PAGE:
Mat Kaplan: I'm in Tucson, Arizona as this week's show is published. NASA's Innovative Advanced Concepts program that's NIAC has once again invited me to host the live webcast of its annual symposium. It's something I love doing. I get to spend two and a half days talking with engineers, scientists, and other space nerds who've come up with scores of fascinating projects, solar sails, buildings grown from fungi, finding Earth-like worlds, novel ways to defend our planet and kilometer wide structures in space launched by a single rocket, so many more. It's heaven for this techno geek. You can catch the live stream on the NIAC website. We've got the link on this week's episode page @planetary.org/radio, or you can simply search for 2022 NIAC Symposium.

Mat Kaplan: Onto that JPL Media briefing. Past Planetary Radio guest, Ken Farley, is the project scientist for Perseverance. He spoke after we heard from JPL director Laurie Leshin and NASA associate administrator Thomas Zurbuchen. By the way, we learned last week that Dr. Zurbuchen will be retiring from NASA soon. All of us at The Planetary Society are grateful for his outstanding leadership of the Science Mission Directorate and we wish him well. Here's Ken Farley with an update on the Rover and some terrific news.

Ken Farley: I'm happy to say that we have made excellent progress towards achieving the goals that I just laid out. We've also managed to piece together quite a detailed history of Jezero Crater, a history that is surprising. It's not exactly what we expected. In the first year of the mission, we undertook what we called the crater floor campaign that's on the southeast part of this traverse. This is exploring the crater floor, the rocks that are below the delta. And what we found is not what we expected to find. Many of us expected to find out there in the middle of this crater that once held a lake, we expected to find sedimentary rocks deposited in that lake and instead what we found is igneous rocks. Rocks that were crystallized from a melt. That suggests a history that is more complicated than we expected. This crater not only held a lake at one point, but prior to that, likely prior to it, it also had active volcanism and possibly even a lava lake filling that crater so there's some complexity there that we hadn't actually expected.

Ken Farley: We acquired some excellent samples of those igneous rocks and this is an example of why diversity is important. Those igneous rocks will tell us a lot about the early history of a rocky planet, Mars, and in addition, one of the key things that in igneous rock return to earth will allow us to do is for the first time put a quantitative age on the surface of Mars. This is something that we just infer indirectly at present, so it'll be very important to get quantitative estimates of age on returned igneous rocks.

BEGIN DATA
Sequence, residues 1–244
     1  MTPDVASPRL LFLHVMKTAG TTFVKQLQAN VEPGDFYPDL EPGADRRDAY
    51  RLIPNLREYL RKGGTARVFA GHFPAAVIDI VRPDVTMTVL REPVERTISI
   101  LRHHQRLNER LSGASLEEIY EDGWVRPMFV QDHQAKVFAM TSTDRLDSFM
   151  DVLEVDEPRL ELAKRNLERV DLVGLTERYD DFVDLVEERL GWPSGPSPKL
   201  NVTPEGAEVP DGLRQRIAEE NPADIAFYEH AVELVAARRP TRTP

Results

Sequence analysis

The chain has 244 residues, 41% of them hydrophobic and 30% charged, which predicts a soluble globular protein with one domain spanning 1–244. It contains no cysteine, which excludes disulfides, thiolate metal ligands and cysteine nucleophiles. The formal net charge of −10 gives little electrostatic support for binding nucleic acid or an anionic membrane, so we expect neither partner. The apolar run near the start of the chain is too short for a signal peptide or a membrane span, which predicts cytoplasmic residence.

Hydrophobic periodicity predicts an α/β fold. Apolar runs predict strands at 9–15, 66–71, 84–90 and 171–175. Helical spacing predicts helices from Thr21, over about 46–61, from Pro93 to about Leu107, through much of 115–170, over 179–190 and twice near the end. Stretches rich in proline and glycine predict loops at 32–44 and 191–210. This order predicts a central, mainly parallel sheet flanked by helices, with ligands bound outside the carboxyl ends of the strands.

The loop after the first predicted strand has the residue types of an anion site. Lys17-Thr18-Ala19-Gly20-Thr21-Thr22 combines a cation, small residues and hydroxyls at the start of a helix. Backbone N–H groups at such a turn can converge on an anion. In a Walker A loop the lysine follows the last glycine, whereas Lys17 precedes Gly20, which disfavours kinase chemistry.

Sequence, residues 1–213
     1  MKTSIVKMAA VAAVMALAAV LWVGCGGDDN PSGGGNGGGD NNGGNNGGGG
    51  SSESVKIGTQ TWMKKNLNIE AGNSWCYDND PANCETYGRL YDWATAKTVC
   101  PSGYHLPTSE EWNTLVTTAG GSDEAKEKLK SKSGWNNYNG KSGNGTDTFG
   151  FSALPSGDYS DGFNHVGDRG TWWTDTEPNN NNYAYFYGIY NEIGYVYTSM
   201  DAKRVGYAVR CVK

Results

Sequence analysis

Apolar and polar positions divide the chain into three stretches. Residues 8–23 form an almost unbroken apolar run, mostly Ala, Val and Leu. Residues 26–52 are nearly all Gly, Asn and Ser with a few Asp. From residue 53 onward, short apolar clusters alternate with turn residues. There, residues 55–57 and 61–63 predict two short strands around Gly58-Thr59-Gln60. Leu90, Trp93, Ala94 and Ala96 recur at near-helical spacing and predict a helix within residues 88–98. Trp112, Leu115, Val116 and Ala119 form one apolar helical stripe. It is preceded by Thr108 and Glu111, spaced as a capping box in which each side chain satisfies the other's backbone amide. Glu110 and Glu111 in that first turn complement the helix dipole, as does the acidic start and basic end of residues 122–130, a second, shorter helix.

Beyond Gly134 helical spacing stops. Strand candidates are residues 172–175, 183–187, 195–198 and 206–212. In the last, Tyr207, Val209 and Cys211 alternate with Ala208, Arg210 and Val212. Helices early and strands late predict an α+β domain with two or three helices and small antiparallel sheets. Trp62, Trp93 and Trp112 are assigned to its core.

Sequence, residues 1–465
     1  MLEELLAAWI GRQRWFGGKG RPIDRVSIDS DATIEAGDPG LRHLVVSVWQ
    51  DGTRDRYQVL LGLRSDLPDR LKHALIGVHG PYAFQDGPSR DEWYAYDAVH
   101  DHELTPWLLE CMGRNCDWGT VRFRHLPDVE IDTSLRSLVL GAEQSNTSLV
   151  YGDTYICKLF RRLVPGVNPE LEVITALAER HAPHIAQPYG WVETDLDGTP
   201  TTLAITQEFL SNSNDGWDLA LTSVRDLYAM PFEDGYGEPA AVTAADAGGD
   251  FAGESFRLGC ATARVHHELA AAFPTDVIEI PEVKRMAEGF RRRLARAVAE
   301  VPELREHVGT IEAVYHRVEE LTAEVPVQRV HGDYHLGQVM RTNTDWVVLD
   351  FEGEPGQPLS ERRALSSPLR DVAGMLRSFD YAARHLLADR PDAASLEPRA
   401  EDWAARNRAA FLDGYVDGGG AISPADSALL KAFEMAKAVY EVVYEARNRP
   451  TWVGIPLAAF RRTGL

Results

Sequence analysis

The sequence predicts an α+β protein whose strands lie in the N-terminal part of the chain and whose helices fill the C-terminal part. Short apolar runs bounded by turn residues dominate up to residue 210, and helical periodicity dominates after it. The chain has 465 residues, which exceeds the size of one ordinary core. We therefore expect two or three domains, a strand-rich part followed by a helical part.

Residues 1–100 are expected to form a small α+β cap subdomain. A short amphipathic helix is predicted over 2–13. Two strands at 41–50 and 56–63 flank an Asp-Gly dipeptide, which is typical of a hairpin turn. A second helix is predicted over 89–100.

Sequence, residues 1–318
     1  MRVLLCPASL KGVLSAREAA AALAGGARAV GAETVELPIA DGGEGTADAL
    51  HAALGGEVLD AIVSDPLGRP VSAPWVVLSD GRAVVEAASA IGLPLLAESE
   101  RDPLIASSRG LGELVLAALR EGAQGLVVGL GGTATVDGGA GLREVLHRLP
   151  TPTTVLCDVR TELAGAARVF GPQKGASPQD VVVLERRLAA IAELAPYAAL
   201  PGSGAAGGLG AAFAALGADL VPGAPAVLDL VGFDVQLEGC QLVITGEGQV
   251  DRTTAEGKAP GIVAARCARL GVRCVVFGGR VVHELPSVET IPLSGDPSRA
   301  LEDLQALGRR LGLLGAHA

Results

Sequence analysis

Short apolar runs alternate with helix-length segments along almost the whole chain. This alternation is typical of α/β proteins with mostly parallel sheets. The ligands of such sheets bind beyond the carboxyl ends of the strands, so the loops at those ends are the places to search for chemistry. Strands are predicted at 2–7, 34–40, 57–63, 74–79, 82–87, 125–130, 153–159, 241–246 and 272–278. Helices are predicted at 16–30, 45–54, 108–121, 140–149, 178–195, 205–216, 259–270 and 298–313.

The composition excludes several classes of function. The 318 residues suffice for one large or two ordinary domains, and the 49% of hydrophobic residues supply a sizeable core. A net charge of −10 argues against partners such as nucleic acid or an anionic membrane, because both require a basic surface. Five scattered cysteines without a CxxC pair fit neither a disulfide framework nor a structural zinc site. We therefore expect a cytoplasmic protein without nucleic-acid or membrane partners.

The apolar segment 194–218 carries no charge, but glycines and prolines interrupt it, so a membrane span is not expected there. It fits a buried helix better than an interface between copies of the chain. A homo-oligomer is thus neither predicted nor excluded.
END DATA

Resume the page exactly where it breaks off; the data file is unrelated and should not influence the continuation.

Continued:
Ken Farley: After we finished the crater floor campaign, we drove very quickly in that arc around to where the rover is today at the delta front. The delta front is a scarp cliff about 40 meters high. You can see that we have driven back and forth studying this place. It's a really interesting place and the reason it's interesting is that the delta is a place where the sedimentary layers deposited in that lake are exposed in cross section so rather than just driving around on top of those sedimentary layers, we can actually drive up and see them one by one. This is from the area that you're going to hear a lot about. It's called Hogwaller Flat and you can see two of those sedimentary layers. The area in the background, the cliff forming layer, that's a sandstone and then in the material in the foreground that is lighter toned, that's a mudstone so these are sedimentary layers deposited in the lake that we have spent a considerable amount of time on.

Ken Farley: This specific area has probably the highest scientific value for exploration of the entire mission. This is the site that brought us to Jezero Crater. This is the place where we have the best chance to explore these ancient sedimentary rocks deposited in the lake and what you're going to hear is that we have discovered rocks that were deposited in a potentially habitable environment in that lake and we have been seeking potential bio-signatures. I want to be very careful to define potential bio-signature. This is something we've discussed a lot on the science team and I want to make sure everybody understands the concept of potential bio-signature. A potential bio-signature is something that may have been produced by life, but also could have been produced in the absence of life. Then key point about a potential bio-signature is it compels further investigation to draw a conclusion. This is the way science works. We don't always know the answer. We have hypotheses and the rocks that we have been investigating on the delta have the highest concentration of organic matter that we have yet found on the mission. And of course, organic molecules are the building blocks of life.